As time goes on, Dee promises that more and more partners will join the collection.
“This will include establishments such as restaurants and other tourist attractions which will allow us to offer complete and comprehensive packages,” he says. “We will be marketing the whole of the destination.”
To this can be added another benefit, that of getting to the destination in the first place. Westminster is at the heart of London and is easily reached from all parts of the city as well as London’s major airports. Indeed, international delegates can easily be in their hotel rooms within an hour of landing at Heathrow or Gatwick.
For all Westminster’s international fame and its apparent opulence, there is another side to the story. What most visitors will never know is that Westminster has its share of the kind of problems encountered by any city. There is unemployment, poor housing and a range of other social issues that will be recognisable to any city councillor.
This is another, and some would say the major, reason for the collection’s existence, that of helping to bring all important business travel spend to the area. According to Principal Planning Officer, Graham Hadley, it is certainly something that Westminster City Council is keen to encourage.
“Westminster City Council is very supportive of the Westminster Collection as it represents a group of high quality facilities and attractions, aimed at the business visitor, which are seeking to mutually grow their businesses,” he says. “This in turn helps benefit Westminster’s economy. Business visitors make a particularly important economic contribution to London as they spend twice as much per visit as leisure visitors. The businesses in the Westminster Collection also provide local employment opportunities for the economically and culturally diverse population that lives in this part of Westminster.”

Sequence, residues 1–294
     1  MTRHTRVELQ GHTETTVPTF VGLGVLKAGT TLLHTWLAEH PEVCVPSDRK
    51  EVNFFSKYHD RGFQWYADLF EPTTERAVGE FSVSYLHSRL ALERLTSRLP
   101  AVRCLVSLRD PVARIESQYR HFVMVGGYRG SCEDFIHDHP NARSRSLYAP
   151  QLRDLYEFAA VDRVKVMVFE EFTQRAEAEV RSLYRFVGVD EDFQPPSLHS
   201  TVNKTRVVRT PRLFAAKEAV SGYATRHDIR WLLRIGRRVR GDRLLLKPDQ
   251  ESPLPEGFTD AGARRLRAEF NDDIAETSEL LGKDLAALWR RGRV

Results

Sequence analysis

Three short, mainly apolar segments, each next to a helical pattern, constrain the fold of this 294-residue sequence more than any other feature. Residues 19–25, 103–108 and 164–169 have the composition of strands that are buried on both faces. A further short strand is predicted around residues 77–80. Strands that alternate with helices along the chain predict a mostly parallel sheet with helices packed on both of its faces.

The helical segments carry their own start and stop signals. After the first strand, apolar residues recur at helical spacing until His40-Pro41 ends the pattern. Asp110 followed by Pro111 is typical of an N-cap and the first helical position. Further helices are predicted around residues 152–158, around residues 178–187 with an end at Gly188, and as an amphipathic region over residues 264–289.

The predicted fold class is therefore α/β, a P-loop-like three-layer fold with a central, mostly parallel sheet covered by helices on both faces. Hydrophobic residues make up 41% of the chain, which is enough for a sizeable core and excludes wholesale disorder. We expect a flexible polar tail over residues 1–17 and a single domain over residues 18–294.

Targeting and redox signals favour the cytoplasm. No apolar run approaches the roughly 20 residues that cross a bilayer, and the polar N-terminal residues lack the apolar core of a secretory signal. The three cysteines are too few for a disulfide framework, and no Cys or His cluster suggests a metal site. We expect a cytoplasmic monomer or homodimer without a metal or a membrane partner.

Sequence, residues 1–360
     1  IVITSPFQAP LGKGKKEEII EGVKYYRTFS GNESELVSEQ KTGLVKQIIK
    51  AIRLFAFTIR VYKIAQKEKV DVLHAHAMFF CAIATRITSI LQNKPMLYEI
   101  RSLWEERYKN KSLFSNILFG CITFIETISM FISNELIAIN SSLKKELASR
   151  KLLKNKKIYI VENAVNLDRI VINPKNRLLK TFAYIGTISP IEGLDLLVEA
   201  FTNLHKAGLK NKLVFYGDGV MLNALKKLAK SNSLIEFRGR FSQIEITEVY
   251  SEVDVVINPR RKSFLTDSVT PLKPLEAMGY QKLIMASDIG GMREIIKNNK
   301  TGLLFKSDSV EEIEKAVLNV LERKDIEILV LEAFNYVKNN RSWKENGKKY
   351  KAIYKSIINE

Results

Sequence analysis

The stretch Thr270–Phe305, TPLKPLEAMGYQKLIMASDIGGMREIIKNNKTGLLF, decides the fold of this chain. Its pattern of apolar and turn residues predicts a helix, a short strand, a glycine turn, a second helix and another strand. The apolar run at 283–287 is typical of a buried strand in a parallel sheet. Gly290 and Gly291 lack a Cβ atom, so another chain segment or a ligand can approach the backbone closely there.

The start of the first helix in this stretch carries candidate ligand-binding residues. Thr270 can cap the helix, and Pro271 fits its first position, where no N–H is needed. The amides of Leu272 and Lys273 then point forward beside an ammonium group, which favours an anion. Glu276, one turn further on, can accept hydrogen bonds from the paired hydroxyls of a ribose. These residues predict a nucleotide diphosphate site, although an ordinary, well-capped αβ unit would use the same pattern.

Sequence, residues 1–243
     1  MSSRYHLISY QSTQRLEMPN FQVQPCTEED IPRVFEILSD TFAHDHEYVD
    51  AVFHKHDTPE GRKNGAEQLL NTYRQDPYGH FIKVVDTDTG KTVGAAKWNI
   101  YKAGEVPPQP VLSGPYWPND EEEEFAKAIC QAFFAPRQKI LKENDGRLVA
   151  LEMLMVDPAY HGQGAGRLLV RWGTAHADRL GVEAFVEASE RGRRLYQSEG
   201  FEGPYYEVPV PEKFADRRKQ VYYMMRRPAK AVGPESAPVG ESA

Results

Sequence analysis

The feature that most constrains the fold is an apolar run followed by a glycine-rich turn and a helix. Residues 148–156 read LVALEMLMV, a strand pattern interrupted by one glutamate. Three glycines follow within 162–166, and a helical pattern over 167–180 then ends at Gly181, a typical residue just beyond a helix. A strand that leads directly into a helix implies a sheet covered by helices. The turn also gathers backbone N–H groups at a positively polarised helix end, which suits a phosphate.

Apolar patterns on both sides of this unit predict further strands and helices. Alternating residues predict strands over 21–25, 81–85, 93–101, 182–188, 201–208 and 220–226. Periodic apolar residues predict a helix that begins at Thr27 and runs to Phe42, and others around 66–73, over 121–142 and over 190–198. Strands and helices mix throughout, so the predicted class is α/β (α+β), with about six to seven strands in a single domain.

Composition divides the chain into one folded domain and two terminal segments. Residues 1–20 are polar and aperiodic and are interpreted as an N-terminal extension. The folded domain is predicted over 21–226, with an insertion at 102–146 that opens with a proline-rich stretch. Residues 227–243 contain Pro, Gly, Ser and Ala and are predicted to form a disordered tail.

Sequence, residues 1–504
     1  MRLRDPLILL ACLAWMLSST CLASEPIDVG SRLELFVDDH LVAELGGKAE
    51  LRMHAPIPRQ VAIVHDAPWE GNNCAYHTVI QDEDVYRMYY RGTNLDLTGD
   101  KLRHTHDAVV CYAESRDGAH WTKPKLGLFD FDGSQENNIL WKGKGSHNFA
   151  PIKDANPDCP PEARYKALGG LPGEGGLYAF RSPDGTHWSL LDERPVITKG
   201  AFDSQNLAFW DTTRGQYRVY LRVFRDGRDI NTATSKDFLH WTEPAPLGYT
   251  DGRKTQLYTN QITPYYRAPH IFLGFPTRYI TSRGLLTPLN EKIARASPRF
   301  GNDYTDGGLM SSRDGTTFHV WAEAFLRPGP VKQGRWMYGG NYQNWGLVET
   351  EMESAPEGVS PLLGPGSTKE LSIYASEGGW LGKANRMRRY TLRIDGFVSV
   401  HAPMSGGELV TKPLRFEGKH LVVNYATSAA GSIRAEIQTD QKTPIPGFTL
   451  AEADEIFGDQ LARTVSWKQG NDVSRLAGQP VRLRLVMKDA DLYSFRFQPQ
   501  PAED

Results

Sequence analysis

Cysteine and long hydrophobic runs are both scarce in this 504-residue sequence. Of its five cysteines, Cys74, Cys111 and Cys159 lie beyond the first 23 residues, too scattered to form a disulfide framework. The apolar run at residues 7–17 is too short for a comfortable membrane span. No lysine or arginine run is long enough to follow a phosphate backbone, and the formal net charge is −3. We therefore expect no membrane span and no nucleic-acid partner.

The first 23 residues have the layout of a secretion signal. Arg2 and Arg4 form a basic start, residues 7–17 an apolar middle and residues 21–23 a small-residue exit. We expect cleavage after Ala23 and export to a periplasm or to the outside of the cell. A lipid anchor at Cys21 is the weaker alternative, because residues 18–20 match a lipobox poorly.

Mr. Hadley’s comments were supported by Cllr Danny Chalkley a cabinet member of Westminster City Council who added, “As Cabinet Member for Economic Development & Transport I have a particularly interest in this new relationship with the Westminster Collection. It is a very positive relationship, as it enables us to highlight the considerable business tourism benefits within the City of Westminster, raising the city’s profile and increasing the opportunity to attract profitable business into the area.”
Visit London’s commercial director, David Hornby, is also a keen advocate of the Westminster Collection and thinks it is emblematic of how the future marketing of London ought to be.
“The best way to sell London to the rest of the UK is by dividing it into manageable sections such as this,” he says. “Londoners know their city well but we easily forget that people outside the capital don’t really know where given parts of town are any more than a Londoner would necessarily know specific parts of Glasgow, Manchester or Cardiff.”
Hornby points out that when marketing itself to an international audience, London follows the model used by a number of other destinations.
“The way to sell London abroad is to sell the whole destination,” he says. “After that it is wise to break it down. The key is very much to get a prospective event to the capital in the first place, then we can find the part of town that would best suit it. Some clients may want to use Docklands while others will want to be in Westminster. The individual areas are best qualified and situated to market their own particular services and attractions.”
The idea of rivals working together for the overall good of the marketplace they represent seems, with this model, to be something that benefits all the stakeholders.
Unfortunately, we are probably a long way away from the days when a supermarket, airline or car manufacturer would actively recommend a competitor’s product ahead of their own.
However, organisers looking to run events in this particular part of London are fortunate in having at their disposal a large team of people who are genuinely interested in the success of the project. It seems like an excellent idea and it will be interesting to see if it catches on in other parts of the UK.
National Meetings Week takes place between 3rd – 7th October 2005
For further information on The Westminster Collection visit www.thewestminstercollection.org